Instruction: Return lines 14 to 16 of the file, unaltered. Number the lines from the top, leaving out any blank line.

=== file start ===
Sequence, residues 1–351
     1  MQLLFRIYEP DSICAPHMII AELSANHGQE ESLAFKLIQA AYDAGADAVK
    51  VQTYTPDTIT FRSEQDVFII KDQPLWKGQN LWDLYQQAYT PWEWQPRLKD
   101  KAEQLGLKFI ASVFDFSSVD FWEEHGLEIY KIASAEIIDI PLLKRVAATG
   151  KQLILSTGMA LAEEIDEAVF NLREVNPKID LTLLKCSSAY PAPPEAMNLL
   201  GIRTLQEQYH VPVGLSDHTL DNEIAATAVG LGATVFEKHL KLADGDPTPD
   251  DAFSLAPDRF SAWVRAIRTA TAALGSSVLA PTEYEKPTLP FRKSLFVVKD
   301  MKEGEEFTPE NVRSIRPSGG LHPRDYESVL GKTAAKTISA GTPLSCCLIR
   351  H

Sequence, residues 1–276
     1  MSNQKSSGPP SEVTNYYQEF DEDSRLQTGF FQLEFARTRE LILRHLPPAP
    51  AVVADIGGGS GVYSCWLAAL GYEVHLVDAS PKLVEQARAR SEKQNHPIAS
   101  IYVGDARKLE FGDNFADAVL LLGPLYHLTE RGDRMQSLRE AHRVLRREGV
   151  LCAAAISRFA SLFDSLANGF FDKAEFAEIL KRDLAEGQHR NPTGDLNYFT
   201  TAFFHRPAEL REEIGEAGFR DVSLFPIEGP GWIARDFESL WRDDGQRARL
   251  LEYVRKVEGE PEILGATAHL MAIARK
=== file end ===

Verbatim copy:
   151  LCAAAISRFA SLFDSLANGF FDKAEFAEIL KRDLAEGQHR NPTGDLNYFT
   201  TAFFHRPAEL REEIGEAGFR DVSLFPIEGP GWIARDFESL WRDDGQRARL
   251  LEYVRKVEGE PEILGATAHL MAIARK